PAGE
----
Suppressing LLDB verbiage when calling a function?

(Ben) #1

I am starting to link my functions now and have a lot of LLDB verbiage that I don't need to see, when all I need is the return value.

Is there a way to call a function but suppress it spitting anything out to the LLDB - essentially, I just want the resulting value, not the print statements.


(Quinn “The Eskimo!”) #2

I’m not sure what you’re referring to here. Could you perhaps post an example of what you’re seeing?

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Quinn “The Eskimo!” @ DTS @ Apple

(Ben) #3

I think I've seen you on the Apple forums?

Imagine checking every change on a function that performs several actions, printing out values to the LLDB before and after changes to see if they worked, then you get a lot of verbiage.

Basically, I have too much verbiage and sometimes I'd just like to suppress it because it's confusing to keep track of a function's behaviour when linking to another just for the value you need:


func oldTest() -> Int {
print("20 lines of text")

func currentTest() {
var = oldTest()
print("all the text in this function")
//unfortunately all the 20 lines from the other function get printed too!

what I want

x20 of what I don't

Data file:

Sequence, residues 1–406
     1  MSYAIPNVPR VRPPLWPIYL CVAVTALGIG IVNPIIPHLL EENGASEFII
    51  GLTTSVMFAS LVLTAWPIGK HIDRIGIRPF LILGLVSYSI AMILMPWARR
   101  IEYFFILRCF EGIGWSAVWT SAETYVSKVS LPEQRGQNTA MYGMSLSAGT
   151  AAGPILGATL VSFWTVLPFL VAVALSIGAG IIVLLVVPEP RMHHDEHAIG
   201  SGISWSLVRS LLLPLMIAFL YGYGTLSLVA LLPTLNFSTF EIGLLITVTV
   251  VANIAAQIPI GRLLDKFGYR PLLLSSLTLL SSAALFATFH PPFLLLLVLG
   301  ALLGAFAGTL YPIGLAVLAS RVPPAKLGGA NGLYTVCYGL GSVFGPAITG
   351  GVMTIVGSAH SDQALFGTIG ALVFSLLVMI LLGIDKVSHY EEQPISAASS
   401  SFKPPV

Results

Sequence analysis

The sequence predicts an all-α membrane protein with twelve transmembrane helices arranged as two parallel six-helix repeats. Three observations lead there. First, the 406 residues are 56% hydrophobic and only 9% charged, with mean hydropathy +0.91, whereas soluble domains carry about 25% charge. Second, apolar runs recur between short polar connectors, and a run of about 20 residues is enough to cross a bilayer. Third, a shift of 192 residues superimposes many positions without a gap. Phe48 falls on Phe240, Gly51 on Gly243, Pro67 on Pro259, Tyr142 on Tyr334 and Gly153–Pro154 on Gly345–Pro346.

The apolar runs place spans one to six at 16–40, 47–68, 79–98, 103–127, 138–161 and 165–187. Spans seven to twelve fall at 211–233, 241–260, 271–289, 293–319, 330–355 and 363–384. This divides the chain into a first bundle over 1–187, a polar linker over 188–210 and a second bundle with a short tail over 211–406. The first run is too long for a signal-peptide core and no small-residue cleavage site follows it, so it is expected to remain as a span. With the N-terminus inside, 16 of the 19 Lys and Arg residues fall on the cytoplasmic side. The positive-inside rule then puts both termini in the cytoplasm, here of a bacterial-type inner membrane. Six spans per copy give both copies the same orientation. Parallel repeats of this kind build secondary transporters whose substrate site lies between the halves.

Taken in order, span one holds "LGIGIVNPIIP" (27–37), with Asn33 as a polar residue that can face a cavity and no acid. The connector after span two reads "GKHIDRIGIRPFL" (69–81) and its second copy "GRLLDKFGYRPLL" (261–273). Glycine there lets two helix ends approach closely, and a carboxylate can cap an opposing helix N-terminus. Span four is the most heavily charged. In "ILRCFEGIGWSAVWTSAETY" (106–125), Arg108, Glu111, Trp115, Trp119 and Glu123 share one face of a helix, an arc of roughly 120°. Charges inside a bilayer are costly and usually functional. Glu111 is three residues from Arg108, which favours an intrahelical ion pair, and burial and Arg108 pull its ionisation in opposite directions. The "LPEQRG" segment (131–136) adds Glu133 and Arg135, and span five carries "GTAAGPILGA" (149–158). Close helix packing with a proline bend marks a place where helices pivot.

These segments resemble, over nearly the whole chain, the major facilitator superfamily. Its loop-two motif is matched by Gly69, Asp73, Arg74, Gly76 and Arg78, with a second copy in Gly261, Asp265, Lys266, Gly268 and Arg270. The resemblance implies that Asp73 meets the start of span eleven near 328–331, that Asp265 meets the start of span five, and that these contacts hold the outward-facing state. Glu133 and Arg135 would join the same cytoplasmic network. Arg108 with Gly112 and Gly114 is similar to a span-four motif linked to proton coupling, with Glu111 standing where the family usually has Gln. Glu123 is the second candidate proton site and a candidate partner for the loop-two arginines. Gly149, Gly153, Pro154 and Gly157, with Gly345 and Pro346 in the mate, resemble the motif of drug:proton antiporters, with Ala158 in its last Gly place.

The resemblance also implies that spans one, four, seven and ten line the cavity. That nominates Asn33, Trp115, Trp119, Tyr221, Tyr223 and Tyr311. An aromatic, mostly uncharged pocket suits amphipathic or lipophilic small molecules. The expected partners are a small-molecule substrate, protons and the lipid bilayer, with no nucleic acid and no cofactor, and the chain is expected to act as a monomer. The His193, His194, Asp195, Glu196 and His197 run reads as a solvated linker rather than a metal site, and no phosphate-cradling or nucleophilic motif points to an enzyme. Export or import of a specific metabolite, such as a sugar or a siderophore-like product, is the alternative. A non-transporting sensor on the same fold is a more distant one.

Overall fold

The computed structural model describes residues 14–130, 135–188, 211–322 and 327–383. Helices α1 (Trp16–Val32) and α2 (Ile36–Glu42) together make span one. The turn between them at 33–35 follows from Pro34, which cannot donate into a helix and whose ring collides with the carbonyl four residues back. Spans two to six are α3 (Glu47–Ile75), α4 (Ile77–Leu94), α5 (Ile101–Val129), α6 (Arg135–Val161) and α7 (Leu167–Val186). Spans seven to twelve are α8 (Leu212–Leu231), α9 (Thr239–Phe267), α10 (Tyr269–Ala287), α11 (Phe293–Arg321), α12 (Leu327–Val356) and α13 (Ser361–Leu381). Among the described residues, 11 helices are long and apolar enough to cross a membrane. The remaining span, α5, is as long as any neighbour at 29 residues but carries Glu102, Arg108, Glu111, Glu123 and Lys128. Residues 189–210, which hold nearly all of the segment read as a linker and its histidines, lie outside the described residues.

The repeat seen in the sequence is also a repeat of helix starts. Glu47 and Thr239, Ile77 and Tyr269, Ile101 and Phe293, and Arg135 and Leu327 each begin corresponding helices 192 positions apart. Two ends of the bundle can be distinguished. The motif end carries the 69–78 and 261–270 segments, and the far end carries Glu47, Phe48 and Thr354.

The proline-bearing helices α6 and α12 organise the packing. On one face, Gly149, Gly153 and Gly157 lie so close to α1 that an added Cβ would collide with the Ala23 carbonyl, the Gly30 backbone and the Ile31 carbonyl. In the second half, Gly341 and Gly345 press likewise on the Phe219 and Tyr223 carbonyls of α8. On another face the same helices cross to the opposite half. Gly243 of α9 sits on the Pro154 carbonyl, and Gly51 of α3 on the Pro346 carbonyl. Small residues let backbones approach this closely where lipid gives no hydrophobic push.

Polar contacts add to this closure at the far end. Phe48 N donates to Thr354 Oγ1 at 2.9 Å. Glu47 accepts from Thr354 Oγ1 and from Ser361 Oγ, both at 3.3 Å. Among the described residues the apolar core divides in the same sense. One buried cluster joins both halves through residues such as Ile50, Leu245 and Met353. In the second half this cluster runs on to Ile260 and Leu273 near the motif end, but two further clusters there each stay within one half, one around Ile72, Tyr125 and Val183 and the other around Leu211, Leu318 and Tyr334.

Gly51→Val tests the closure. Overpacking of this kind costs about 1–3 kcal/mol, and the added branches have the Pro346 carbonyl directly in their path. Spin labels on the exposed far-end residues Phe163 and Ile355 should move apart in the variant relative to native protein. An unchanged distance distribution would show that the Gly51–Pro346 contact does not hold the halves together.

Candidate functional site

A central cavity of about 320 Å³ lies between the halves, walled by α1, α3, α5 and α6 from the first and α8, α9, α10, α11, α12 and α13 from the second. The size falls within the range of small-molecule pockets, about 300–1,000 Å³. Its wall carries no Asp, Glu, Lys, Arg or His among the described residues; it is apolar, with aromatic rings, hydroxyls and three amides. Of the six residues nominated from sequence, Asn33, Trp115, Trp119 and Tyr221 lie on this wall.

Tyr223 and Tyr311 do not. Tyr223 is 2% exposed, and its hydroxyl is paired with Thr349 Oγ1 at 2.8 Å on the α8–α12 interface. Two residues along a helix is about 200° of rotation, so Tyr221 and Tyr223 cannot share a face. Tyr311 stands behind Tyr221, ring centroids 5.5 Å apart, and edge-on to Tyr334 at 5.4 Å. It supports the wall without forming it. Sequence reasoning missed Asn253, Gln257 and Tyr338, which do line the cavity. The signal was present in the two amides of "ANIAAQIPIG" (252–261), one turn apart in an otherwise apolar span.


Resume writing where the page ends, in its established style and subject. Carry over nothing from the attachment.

the rest of what I want

(Quinn “The Eskimo!”) #4

Are you using LLDB from the command line? Or LLDB from within Xcode?

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Quinn “The Eskimo!” @ DTS @ Apple

(Ben) #5

Hi eskimo, I meant within Xcode, just at the bottom.

(Quinn “The Eskimo!”) #6

Are you printing things for effect? For example, you’re building a command-line tool and this forms part of the output. Or is your printing just for debugging purposes?

If it’s the former I’d change how you write your code. I tend to build my tools so that I have core code that returns a description of what the results should be, and then I have separate code to print that. This has a bunch of advantages:

  • It separates concerns, which is always a good thing

  • It allows the core code to be reused in other environments, like in a GUI app.

  • It helps with testing.

  • My core code tends to be functional — that is, its output is predictable based on solely its input parameters — which means I can see everything in the debugger.

  • It means I don’t have to worry about this problem (-:

In contrast, if these print statements are purely for debugging, I’m going to recommend that you take a look at Xcode’s breakpoints. You can set up a breakpoint that prints some state and then automatically continues. The Xcode UI then makes it easy to enable and disable these breakpoints, and thus enable and disable your logging.

For some great examples of the power of Xcode breakpoints, check out WWDC 2018 Session 412 Advanced Debugging with Xcode and LLDB.

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Quinn “The Eskimo!” @ DTS @ Apple